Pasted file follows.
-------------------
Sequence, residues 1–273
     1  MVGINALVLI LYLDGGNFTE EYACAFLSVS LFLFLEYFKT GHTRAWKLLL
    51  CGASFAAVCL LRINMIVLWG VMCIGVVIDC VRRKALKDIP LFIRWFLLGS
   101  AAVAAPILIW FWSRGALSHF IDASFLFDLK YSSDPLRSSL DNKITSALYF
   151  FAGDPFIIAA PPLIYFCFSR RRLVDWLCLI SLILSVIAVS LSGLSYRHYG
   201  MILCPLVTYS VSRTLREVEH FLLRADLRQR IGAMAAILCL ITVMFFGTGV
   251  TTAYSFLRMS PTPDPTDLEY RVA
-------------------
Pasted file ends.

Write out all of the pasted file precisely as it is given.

Sequence, residues 1–273
     1  MVGINALVLI LYLDGGNFTE EYACAFLSVS LFLFLEYFKT GHTRAWKLLL
    51  CGASFAAVCL LRINMIVLWG VMCIGVVIDC VRRKALKDIP LFIRWFLLGS
   101  AAVAAPILIW FWSRGALSHF IDASFLFDLK YSSDPLRSSL DNKITSALYF
   151  FAGDPFIIAA PPLIYFCFSR RRLVDWLCLI SLILSVIAVS LSGLSYRHYG
   201  MILCPLVTYS VSRTLREVEH FLLRADLRQR IGAMAAILCL ITVMFFGTGV
   251  TTAYSFLRMS PTPDPTDLEY RVA